The Hand of Fu-Manchu

Titan Books wants you to get your pulp fiction on! Not some contemporary author’s nostalgic “retro” re-creation, either. We’re talking about the real deal here: the original Fu-Manchu mysteries by Sax Rohmer.

Arthur Henry Sarsfield Ward, who later adopted the pen name of Rohmer, first published his Fu-Manchu stories in British magazines in the early 1900s. They were hugely popular, so Rohmer continued the series, collecting the stories into 14 novels, until his death in 1959. Originally published in 1917, THE HAND OF FU-MANCHU is the third in Titan Books’ long-overdue reissue of Rohmer’s entire series.

Commissioner Nayland Smith and his friend and partner, Dr. Petrie, are called back to England from their latest Egyptian expedition when evidence shows that members of the Si-Fan are operating in London. The Si-Fan is a notorious Chinese organization whose agenda is world domination. Smith shocks Petrie with his theory that their nemesis, Dr. Fu-Manchu, the evil genius they once thought dead, is not only alive, but masterminding the Si-Fan’s plot to overthrow all of Great Britain.
 
Smith’s notion is quickly confirmed by the death of a British dignitary in a posh London hotel, along with the discovery of a strange box next to the murdered victim’s body. The contents of the box, and other related clues, lead Smith and Petrie through the foggy streets and dangerous back alleys of London as they follow numerous elusive suspects. As they close in on the Si-Fan headquarters, they wonder if Fu-Manchu is really leading this mysterious organization, or if the group broke their ties with him, and Fu-Manchu is now acting alone.
 
Rohmer had a keen sense of what attracted and held his readers, and hence, filled his stories with exotic, far-flung locations; shadowy, tempting seductresses; and whirlwind scenes of action, plot twists, red herrings and cliffhangers. When collected and read as successive chapters of a novel, the pace often seems jerky. Yet the narrative threads are never far from the surface and quickly pull you back into the flow.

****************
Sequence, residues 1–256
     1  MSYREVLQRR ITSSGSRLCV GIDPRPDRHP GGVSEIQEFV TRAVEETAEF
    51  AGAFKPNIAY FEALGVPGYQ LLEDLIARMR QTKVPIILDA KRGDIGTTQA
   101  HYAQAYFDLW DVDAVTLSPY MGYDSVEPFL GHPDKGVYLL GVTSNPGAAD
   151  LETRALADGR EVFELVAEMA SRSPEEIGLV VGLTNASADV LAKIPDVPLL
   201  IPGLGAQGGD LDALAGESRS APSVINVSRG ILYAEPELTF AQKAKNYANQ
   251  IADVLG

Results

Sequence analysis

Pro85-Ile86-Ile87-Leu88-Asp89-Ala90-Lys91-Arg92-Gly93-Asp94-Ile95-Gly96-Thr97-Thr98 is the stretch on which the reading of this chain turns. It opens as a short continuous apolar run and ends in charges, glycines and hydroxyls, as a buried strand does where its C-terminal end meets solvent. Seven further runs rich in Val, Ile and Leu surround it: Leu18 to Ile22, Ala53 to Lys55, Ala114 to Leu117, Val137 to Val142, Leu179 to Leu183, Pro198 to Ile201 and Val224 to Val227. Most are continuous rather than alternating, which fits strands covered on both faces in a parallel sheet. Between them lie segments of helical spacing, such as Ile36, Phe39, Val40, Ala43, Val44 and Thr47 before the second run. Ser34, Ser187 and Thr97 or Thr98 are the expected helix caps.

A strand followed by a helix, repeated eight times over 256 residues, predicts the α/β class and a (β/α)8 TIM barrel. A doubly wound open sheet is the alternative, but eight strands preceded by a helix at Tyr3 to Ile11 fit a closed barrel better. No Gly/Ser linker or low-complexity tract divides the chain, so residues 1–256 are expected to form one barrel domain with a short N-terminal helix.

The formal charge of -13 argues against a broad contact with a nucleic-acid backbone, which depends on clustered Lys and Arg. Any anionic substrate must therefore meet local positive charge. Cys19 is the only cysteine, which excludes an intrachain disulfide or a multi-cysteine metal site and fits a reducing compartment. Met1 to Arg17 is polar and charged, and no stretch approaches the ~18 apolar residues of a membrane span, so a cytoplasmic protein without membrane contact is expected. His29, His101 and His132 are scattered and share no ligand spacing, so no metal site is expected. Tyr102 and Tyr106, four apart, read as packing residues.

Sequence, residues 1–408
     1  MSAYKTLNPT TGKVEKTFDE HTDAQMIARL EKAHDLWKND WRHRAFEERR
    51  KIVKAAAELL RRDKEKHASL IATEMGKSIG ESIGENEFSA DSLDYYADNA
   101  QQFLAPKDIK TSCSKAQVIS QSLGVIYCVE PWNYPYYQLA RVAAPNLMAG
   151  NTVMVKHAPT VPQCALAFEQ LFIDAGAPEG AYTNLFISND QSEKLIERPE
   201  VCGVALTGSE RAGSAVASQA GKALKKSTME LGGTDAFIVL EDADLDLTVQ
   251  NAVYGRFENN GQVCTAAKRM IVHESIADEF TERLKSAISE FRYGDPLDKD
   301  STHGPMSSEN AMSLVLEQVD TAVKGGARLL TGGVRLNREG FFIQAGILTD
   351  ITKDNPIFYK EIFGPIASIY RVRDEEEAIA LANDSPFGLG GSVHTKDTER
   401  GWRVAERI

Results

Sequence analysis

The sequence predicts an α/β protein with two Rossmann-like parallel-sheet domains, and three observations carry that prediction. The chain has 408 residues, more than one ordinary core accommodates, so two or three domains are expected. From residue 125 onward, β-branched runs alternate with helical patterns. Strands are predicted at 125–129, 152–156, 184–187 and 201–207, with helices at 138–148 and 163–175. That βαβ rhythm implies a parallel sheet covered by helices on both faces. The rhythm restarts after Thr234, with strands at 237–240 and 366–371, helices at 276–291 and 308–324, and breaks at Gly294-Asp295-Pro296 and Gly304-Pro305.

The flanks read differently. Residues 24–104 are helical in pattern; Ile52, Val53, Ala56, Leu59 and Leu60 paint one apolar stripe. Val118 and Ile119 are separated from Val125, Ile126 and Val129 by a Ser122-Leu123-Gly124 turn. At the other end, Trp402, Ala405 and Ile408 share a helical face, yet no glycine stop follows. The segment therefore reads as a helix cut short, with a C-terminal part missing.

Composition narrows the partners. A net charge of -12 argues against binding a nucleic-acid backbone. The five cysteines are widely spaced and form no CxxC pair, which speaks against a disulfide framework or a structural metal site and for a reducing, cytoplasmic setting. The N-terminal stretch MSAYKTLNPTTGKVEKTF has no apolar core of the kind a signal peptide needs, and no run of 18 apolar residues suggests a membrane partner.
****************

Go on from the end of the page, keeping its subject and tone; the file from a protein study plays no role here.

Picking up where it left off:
Sir Arthur Conan Doyle was obvious a tremendous influence on Rohmer, as the Fu-Manchu series are related as first-person recollections of Petrie, serving as Rohmer’s Watson. Nayland Smith may lack the overwhelming deductive intelligence of Sherlock Holmes, but he is nonetheless resourceful and knowledgeable of the criminal mind. 
 
Fu-Manchu himself makes only a few actual appearances, but like Doyle’s Professor Moriarty, his ominous presence is felt in every chapter. Younger readers, however, might be confused or put off by the way Rohmer sees not just Fu-Manchu, but every member of the Chinese or overall Asian population as evil.

As popular-fiction historian Leslie S. Klinger stresses in his essay appearing after the novel’s conclusion, Rohmer capitalized on the “Yellow Peril” — the prejudicial fear of Asian conquest — that seized the public’s imagination in the late 19th century. This demonizing of the insidious “evil other” in sensational fiction would later transfer to Communists in the 1950s and ’60s, and more recently to Al- Qaeda and other radical Muslim terrorist groups.
 
The Fu-Manchu stories and character continue to entertain readers and influence future authors (per the testimonial blubs on the inside page) long after Rohmer’s death, eventually finding its way into the movies, where the doctor was portrayed by Boris Karloff, Christopher Lee and even Peter Sellers, among others.
 
Like Robert E. Howard and Kenneth Robeson, Rohmer was one of the archetypes of pulp fiction whose stories would inspire much of the comic books, science fiction, horror and crime fiction we enjoy today. If you’ve never experienced the real Fu-Manchu — and especially if the name means nothing more to you than a strange-looking mustache — treat yourself to this and the preceding Titan reissues, and keep watch for the rest to appear soon. —Alan Cranis

Buy it at Amazon.
 

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